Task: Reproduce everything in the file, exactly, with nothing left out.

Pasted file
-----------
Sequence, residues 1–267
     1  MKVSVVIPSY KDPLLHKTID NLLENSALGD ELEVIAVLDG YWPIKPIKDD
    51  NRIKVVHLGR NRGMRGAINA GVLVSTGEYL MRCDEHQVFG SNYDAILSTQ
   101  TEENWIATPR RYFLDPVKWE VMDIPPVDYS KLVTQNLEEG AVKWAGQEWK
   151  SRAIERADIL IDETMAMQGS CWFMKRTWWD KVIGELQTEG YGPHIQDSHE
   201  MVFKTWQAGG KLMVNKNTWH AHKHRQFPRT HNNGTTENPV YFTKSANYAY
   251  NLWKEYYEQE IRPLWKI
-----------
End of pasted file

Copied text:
Sequence, residues 1–267
     1  MKVSVVIPSY KDPLLHKTID NLLENSALGD ELEVIAVLDG YWPIKPIKDD
    51  NRIKVVHLGR NRGMRGAINA GVLVSTGEYL MRCDEHQVFG SNYDAILSTQ
   101  TEENWIATPR RYFLDPVKWE VMDIPPVDYS KLVTQNLEEG AVKWAGQEWK
   151  SRAIERADIL IDETMAMQGS CWFMKRTWWD KVIGELQTEG YGPHIQDSHE
   201  MVFKTWQAGG KLMVNKNTWH AHKHRQFPRT HNNGTTENPV YFTKSANYAY
   251  NLWKEYYEQE IRPLWKI